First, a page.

LUMBERTON — Renae Hunt, Robeson County’s Superior Court clerk since Aug. 3, 2003, is retiring. Her last day will be March 31.
“I love this job. I love having had the opportunity to help people,” Hunt said. “But there comes a point in time when it is time to go.”
Hunt has worked in the county Clerk of Courts Office since being hired as a deputy clerk in 1977. She was elevated to the position of assistant clerk, then was appointed clerk by Judge Robert “Frank” Floyd Jr., the county’s senior resident Superior Court judge, when Joann Locklear retired in July 2003.
In 2004, Hunt was elected to complete the remaining two years of Locklear’s four-year term. She then went on to be re-elected to four-year terms in 2006 and 2010.
Floyd has appointed Shelena Smith, an attorney with the law firm of Smith & Graham in Lumberton, as the county’s next Superior Court clerk. She will be sworn into the office at 3 p.m. on April 1.
Hunt, 56, of Rowland, is a graduate of King’s Business College in Charlotte. Before going to work for the county court system she worked for attorney Henry Ward Oxendine.
She moved on to the county clerk’s office after her grandfather told her to go and interview for a job.
“My granddaddy, Brownie Hunt, knew Ben Floyd, then the clerk of court,” Hunt said. “He told me to go see Floyd about a job and I did. He hired me on the spot.”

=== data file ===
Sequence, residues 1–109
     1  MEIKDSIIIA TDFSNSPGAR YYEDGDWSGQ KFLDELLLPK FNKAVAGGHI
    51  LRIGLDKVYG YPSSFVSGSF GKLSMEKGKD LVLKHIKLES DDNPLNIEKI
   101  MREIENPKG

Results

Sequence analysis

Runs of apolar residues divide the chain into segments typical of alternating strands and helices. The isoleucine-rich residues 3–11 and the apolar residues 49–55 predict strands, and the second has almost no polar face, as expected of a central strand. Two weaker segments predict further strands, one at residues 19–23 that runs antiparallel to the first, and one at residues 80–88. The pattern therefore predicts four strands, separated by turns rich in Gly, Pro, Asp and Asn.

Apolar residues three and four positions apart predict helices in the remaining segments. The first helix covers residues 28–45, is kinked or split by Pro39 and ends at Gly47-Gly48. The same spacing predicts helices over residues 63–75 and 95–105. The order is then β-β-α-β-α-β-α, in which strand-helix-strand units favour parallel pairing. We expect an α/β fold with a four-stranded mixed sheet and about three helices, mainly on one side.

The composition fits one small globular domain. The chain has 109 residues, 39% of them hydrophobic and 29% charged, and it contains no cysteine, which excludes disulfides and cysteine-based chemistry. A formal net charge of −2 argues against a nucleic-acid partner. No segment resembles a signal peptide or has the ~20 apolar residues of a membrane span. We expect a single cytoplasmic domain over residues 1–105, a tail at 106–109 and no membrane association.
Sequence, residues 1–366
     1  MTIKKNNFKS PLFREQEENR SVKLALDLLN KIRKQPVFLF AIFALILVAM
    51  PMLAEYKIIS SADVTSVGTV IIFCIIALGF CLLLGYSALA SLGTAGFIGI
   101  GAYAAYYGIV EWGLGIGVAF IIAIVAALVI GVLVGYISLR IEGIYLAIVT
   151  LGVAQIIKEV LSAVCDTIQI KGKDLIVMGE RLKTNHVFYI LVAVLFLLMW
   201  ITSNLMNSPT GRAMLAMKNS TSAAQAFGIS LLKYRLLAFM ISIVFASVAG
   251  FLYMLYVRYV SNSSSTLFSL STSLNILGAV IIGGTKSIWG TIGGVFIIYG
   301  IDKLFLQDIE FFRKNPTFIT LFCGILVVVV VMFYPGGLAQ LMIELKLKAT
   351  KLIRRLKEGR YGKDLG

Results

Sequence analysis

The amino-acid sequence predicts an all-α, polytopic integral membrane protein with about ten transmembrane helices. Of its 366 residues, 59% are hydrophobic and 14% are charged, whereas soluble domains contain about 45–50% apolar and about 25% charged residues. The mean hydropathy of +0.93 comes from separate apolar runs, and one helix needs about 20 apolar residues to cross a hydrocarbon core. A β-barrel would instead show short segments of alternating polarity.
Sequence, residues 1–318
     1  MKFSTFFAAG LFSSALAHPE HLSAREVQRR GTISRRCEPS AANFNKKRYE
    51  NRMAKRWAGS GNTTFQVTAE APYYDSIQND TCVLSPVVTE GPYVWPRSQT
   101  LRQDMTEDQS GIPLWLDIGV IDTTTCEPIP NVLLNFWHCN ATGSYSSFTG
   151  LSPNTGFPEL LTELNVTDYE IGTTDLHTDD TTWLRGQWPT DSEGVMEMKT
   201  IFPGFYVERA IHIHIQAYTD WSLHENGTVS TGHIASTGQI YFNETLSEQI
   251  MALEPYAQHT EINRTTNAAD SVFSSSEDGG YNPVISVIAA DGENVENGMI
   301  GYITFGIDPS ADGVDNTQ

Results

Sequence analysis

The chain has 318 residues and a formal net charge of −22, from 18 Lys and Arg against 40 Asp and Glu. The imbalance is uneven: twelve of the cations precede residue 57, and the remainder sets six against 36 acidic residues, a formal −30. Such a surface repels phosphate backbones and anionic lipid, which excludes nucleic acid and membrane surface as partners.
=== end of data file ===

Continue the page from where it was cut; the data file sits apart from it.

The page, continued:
Hunt said that she has seen significant changes in the clerk’s office during the 36 years she worked there.
“When I first came here there were no computers, no copy machines,” she said. “Everything had to be recorded manually.”
Hunt said that her office has seen tremendous growth, both in the number of its employees and the number of criminal and civil cases being handled in the Robeson County courts.
“When I came here there were 12 employees,” Hunt said. “There are now 44 employees.
“Case loads of both criminal and civil cases have increased a great deal. And as far as space, we are completely out of it.”
Hunt said she will miss the job, but plans to keep busy.
“There are a lot of things I want to do now that I couldn’t do if I continue to work,” she said. “A dedicated clerk has to be here at all times. I now have things I want to do outside of this office.”
Hunt said that some she wants to travel throughout the United States, garden, and work as a volunteer at Green Grove Elementary School where her daughter, Tracie, is a teacher.
Smith said Friday that she is “very excited” about becoming the clerk.
“It’s an honor and privilege to be considered for this position,” she said. “The clerk’s office is important because it supplies so much support for the legal system.”
Smith said as an attorney involved in general practice she has handled cases in all departments that are under the administrative supervision of the clerk.
“That’s served as a good foundation for me,” she said.